Dim Sum For Christmas: Creating A Holiday Tradition At Home

dim sumWith very few exceptions, I’ve spent the last 17-plus Christmases going out for dim sum. No matter where I’m living at the time, once December rolls around, I start researching the best places to indulge my har gow habit. Why? Because I’ve worked in the service industry for over two decades.

I’ve either waited tables or worked retail (usually in the food industry) since I was in my 20s. In layman’s terms, it means that the holidays ceased to exist for me starting in 1995, when I started culinary school.

I’d always loved Christmas as a kid and in college. Yet, I willingly sacrificed the holidays, because it meant I’d finally embarked upon the career path I’d long dreamt of: becoming a cooking teacher and food (and eventually, travel) writer. I naively failed to realize that decades of restaurant work, flogging farmers market produce, and slinging cheese and meat would be required to supplement my occupational pursuits.

I’ve been able to travel overseas a couple of times over the holidays, and the Christmases spent in Thailand and New Zealand were memorable from both a cultural and universal perspective. If I had the financial means, I’d always travel during the holidays. In general, however, being in the food industry means you stay at home this time of year, even if home is somewhere most people would kill to visit (I’ve been fortunate to work the holidays in Vail and Telluride).christmasUnable to take Christmases off to see my family (they always get Thanksgiving, which is extremely important to my parents), I started going out for dim sum as a way to pass the time, stave off loneliness and get a good meal.

Dim sum parlors and Cantonese restaurants are always packed Christmas Day, with Chinese-Americans as well as diners of varying ethnic and religious persuasions. I’ve learned over the years that many people have a Christmas dim sum tradition, usually because they don’t celebrate for whatever reason (not having kids is a big one).

In my case, I’m single and childless, but that’s not why I do dim sum. Ethnically, my relatives on both sides of the family were immigrant Russian Jews, but my agnostic parents celebrated Christmas when my brother and I were growing up. To them, it was a way to unite family and allow us kids … to be kids. As a child, I never imagined Christmas and I would part ways.

As an adult, I shun Christmas not because I have to work, but for the same reasons many people do: it’s a stressful, bank account-depleting, heavily commercialized guilt-fest. I don’t miss it, although I do my best for my teenaged niece (who received a rescue kitten from me this year) and nephew.

The truth is, if I’m unable to travel, I relish having one day a year where I can have 24 hours off and not feel bad about it. I eat delicious dumplings, maybe go for a hike or see a movie. Call family and friends. It’s unabashed me-time, and until or unless I meet someone I want to create a more traditional holiday with … please pass the bao.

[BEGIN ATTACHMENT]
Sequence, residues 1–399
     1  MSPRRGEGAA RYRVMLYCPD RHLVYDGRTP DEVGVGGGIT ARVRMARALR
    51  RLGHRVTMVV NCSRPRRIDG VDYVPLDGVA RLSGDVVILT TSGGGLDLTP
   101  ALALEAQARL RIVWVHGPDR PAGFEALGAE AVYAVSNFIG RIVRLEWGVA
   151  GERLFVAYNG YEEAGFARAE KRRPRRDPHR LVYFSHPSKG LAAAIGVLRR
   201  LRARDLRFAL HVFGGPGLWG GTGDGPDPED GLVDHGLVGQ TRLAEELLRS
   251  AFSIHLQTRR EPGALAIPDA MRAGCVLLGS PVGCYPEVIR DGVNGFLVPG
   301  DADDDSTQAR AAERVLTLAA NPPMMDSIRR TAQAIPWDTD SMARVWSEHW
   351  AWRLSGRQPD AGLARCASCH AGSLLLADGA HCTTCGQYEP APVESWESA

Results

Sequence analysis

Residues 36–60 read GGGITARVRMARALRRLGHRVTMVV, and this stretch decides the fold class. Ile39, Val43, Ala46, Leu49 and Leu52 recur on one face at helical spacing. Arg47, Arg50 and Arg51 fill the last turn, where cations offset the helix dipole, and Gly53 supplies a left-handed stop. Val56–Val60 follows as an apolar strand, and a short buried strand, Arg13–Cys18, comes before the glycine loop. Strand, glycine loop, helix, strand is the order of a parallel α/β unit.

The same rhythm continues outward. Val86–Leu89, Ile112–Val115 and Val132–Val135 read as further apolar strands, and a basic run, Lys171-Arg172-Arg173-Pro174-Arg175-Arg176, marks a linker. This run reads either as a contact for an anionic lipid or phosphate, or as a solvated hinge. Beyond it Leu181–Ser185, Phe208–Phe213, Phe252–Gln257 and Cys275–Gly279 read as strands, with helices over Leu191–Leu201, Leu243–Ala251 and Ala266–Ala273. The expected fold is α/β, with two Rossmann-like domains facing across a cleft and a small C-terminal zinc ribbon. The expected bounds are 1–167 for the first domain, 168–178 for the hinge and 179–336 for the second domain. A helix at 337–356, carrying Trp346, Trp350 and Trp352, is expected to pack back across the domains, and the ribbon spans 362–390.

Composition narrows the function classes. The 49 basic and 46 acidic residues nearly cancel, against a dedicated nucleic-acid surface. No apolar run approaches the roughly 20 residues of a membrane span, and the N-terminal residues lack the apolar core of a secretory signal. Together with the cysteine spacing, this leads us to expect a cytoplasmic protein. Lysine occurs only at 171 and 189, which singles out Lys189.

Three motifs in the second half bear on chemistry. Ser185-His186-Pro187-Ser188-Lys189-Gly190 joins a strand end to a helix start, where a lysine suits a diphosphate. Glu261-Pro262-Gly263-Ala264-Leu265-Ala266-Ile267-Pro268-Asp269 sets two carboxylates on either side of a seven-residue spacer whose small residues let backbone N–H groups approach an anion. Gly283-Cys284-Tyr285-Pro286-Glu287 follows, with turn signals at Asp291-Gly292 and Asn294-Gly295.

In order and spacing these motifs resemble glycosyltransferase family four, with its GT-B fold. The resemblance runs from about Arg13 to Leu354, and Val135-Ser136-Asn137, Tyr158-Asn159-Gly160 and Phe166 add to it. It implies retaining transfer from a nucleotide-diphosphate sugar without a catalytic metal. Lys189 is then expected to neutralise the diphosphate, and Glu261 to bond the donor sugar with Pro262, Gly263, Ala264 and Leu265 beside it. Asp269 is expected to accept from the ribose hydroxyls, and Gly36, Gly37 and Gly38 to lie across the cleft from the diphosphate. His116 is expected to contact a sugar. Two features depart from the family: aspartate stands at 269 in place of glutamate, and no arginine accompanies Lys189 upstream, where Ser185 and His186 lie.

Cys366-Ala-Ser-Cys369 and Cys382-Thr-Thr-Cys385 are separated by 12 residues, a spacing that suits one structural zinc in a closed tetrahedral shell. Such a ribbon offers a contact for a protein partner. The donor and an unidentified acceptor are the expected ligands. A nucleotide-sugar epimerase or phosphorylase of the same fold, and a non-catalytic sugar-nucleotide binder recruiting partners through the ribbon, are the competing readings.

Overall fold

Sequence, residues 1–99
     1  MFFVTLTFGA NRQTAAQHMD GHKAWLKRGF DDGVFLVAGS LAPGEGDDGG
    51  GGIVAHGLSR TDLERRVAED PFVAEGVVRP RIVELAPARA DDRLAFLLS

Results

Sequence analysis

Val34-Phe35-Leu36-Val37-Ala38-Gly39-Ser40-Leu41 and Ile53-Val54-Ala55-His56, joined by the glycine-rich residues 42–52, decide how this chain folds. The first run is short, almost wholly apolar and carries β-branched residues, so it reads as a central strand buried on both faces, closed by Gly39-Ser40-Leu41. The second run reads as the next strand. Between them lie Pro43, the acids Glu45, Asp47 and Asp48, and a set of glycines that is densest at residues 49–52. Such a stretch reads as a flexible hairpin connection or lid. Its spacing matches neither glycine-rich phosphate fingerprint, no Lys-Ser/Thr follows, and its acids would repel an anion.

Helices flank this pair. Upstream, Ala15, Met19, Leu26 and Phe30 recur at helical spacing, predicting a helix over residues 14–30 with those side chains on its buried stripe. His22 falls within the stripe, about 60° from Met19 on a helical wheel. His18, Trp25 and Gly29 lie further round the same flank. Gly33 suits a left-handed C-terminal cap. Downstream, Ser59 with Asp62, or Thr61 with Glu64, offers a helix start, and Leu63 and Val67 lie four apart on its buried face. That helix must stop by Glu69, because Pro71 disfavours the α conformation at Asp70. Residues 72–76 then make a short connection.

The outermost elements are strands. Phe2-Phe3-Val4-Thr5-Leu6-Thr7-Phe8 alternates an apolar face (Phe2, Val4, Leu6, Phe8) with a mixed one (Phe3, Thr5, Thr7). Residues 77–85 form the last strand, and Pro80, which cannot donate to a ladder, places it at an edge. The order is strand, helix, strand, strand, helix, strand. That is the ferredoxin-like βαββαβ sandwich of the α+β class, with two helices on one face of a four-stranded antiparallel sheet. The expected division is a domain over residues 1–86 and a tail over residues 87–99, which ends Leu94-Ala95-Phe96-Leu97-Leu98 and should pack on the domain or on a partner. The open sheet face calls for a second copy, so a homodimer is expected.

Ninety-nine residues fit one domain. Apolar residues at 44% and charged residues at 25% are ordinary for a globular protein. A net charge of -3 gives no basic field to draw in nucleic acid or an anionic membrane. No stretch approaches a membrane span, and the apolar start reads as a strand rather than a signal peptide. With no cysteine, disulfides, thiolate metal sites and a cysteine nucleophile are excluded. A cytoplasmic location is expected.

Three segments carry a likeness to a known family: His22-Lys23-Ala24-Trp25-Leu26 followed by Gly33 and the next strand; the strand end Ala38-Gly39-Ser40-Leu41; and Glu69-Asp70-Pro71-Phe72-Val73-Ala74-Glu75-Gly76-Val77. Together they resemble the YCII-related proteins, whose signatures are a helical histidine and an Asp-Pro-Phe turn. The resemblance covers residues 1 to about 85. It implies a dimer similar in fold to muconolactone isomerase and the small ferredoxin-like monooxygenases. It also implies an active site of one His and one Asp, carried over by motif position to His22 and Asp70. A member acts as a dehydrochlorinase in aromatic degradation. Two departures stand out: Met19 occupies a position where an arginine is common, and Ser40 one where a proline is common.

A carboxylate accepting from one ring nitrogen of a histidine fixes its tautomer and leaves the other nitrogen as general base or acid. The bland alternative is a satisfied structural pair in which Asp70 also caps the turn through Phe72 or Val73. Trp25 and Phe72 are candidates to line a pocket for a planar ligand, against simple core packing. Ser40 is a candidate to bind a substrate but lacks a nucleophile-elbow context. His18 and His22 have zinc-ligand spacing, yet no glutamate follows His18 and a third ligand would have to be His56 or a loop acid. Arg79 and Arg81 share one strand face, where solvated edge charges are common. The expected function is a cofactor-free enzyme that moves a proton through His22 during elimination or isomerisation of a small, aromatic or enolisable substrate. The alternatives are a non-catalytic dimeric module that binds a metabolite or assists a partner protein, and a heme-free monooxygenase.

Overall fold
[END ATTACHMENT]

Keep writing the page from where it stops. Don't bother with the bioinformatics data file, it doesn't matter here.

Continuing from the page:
[Photo credit: dim sum, Flickr user Jason Hutchens; tree, Flickr user Ian.Kobylanski]

Photo Of The Day: Trekking Chadar

Photo of the day - Chadar Trek
Today’s Photo of the Day sort of resembles what many of us will experience when traveling over the coming holiday week, or at least, it can feel like a trek. Flickr user arunchs shot this on the famous Chadar Trek, one of the most majestic but challenging in the world. These people are actually crossing the frozen Zanskar River in India, walking over the slippery and icy surfaces of the Himalayas, often carrying luggage on their backs in inhospitable conditions. Some Buddhist monks will walk across the chadar (ice) in their bare feet, so consider that next time you complain about removing your shoes for airport security.

Want to wow us with your travel photos? Add them to the Gadling Flickr pool for another Photo of the Day. Happy holiday trekking!

[Photo credit: Flickr user arunchs]

VIDEO: Merry Kiwi Christmas

Tis the season for holiday-themed marketing videos, but this one is so charming, it’s already on heavy rotation in my household. Pauanesia, the wonderful Auckland shop featured in our New Zealand-made souvenirs story, has just released this “Night Before Christmas” video starring their stuffed kiwi birds. The adorable and colorful birds, retro-simple stop-motion animation, and jazzy ukelele soundtrack (from Kiwi band Wellington Ukelele Orchestra) make for a lovely short.

Merry kiwi Christmas from New Zealand!

VIDEO: Turkish Tannenbaum

On Tane Baum in Istanbul” from Manzara Istanbul on Vimeo.

Want to feel some holiday warm and fuzzies? Take a few minutes to enjoy this Turkish video from Manzara Istanbul, a vacation apartment rental agency in Turkey‘s most popular city. The agency is run by a German Turk, who coordinated his entire staff to sing a not-exactly-stellar but very sweet version of the Christmas carol “O Tannenbaum” (aka “O Christmas Tree”), in German, no less. It’s part music video, part travelogue of the lovely Galata neighborhood, much of it off key, but heartfelt. You can also see the making of their awesome green glass bottle Christmas tree in Istanbul, but the narration is all in German. For more information on the musicians, the (very impressive) production team behind the video has a post here.

Manzara has also released another holiday video for this year, with more endearing Turks, beautiful shots of Istanbul, and great music, but the traditional Arabesque style is a bit on the cheesy side.

Mutlu Yillar (Season’s Greetings)!

A Visit To Macy’s Santaland